Israeli chief rabbi likens black child born to white parents to a monkey


(JTA) — Israel’s Sephardic chief rabbi, Yitzhak Yosef, likened a black child born to white parents to a “monkey” in explaining a point of ritual.

Yosef, speaking Saturday evening, was speaking of the traditional blessing of the trees that takes place during Nissan, the current month on the Hebrew calendar. He was addressing whether Jewish law requires saying the blessing upon seeing one tree or two.

Comparing the blessing of the trees to other blessings, he cited the blessing required when one sees an unusual or “differentiated” creature and noted that one does not need to seek two such creatures to bless them.

In a video obtained by Ynet, the online version of Yediot Acharonot, Yosef goes into an extensive discourse on recounting the blessing when one sees a black person. He repeatedly uses the term “Kushi,” which derives from the biblical term for Ethiopia. The term was commonplace in Israel’s early decades but has been seen since at least the 1980s as a mild pejorative.

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Yosef said the blessing does not apply to every black person.

“You don’t bless every Kushi, you walk in American streets, every five minutes you see a Kushi, are you going to deliver the blessing of the differentiated? It has to be a Kushi whose mother and father are white … if you know, however you know, that a monkey son came forth from them, that it came from them this way, then you say on him, the blessing of the differentiated creature. So, you’re going to say, do you need two Kushis (to say the blessing)? No!” he said.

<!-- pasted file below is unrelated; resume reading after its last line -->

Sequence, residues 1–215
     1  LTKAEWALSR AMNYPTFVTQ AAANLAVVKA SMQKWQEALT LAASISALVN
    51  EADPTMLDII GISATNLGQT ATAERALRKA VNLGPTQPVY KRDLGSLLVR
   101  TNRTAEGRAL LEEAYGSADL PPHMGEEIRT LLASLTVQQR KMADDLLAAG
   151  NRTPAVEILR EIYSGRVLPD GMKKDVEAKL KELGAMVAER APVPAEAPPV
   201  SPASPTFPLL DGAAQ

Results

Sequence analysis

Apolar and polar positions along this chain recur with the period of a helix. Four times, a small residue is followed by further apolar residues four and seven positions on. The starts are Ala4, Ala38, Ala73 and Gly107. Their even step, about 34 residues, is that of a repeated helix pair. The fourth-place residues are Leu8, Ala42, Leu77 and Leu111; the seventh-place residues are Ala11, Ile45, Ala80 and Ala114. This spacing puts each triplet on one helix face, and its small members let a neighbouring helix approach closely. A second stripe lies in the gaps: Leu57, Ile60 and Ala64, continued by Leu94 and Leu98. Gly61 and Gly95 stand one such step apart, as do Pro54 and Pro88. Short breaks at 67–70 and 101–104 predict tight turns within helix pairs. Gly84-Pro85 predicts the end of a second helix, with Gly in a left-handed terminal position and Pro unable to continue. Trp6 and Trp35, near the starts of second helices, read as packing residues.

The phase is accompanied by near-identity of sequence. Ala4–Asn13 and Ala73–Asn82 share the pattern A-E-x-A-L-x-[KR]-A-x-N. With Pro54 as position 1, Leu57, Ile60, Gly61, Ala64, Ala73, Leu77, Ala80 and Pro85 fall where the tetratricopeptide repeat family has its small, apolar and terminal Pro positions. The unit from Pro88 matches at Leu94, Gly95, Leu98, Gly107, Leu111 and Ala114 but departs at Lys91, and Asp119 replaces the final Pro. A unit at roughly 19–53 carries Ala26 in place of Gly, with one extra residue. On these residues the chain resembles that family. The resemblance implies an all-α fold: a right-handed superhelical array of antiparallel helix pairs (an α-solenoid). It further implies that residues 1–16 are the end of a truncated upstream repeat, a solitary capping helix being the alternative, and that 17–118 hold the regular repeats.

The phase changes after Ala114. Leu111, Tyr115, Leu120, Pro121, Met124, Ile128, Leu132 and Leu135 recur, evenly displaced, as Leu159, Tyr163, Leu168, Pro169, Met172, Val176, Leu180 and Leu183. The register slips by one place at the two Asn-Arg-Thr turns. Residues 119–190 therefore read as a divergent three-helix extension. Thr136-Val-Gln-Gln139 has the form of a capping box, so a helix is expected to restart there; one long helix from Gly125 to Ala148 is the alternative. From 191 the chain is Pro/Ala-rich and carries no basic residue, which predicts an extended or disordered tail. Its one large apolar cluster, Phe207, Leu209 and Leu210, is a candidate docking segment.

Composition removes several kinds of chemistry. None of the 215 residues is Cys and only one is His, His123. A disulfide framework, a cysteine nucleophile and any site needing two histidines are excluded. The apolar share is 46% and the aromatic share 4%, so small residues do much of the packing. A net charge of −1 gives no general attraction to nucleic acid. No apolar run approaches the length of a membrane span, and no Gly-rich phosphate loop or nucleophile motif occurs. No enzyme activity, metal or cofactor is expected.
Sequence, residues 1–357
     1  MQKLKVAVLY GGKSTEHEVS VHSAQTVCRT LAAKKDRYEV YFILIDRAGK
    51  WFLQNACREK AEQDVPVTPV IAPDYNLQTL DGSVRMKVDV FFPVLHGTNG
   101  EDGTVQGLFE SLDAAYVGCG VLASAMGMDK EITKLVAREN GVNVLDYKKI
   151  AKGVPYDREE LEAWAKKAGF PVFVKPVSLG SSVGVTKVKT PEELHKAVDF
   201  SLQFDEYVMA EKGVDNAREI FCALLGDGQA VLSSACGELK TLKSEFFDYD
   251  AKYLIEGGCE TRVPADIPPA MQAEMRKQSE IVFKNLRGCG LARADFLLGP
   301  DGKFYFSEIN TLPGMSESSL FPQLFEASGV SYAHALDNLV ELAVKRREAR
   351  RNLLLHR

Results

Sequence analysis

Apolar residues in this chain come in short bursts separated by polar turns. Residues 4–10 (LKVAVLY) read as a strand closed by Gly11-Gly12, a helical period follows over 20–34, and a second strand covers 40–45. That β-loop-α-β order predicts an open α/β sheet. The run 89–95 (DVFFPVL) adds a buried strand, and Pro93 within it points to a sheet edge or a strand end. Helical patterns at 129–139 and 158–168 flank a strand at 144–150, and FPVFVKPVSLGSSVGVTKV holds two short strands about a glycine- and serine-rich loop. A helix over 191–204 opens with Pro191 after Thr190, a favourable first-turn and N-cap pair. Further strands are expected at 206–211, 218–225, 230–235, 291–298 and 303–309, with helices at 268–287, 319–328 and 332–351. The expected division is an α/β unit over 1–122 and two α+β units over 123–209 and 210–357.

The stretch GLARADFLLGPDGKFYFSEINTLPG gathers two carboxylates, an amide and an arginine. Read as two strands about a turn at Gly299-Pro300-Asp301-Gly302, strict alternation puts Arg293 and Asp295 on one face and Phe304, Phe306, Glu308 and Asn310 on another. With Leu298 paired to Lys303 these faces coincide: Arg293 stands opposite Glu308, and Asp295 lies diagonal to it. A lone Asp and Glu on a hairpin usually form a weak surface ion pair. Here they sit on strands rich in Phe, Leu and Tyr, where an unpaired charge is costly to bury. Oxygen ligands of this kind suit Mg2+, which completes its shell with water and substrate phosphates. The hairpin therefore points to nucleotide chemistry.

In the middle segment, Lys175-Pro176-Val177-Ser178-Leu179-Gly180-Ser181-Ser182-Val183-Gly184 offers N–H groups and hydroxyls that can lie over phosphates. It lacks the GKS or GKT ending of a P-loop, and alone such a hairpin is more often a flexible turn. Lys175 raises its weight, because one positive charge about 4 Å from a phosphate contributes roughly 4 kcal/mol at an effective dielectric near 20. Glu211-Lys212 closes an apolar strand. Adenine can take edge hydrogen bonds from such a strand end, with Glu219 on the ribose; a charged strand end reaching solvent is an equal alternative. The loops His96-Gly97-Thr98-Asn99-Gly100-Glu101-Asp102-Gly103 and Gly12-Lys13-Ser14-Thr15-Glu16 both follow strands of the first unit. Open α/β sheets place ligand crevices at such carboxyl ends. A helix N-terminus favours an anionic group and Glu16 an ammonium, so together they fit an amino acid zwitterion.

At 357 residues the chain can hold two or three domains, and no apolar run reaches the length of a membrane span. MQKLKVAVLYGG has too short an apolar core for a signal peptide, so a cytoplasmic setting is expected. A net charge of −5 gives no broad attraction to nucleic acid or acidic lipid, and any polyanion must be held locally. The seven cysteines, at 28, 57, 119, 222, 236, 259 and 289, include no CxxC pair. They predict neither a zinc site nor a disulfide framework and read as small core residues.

Ynet obtained a response from Yosef’s office which noted that the Talmud uses the example of a black person to explain appropriate uses of the blessing of the differentiated, and also mentions monkeys. However, the passage cited does not compare black children to monkeys. Instead it appears to list differentiated creatures that would require blessing, including black people, elephants and monkeys. Additionally, the use of the term Kushi is normative in the Talmud, but no longer so in everyday Israeli speech.

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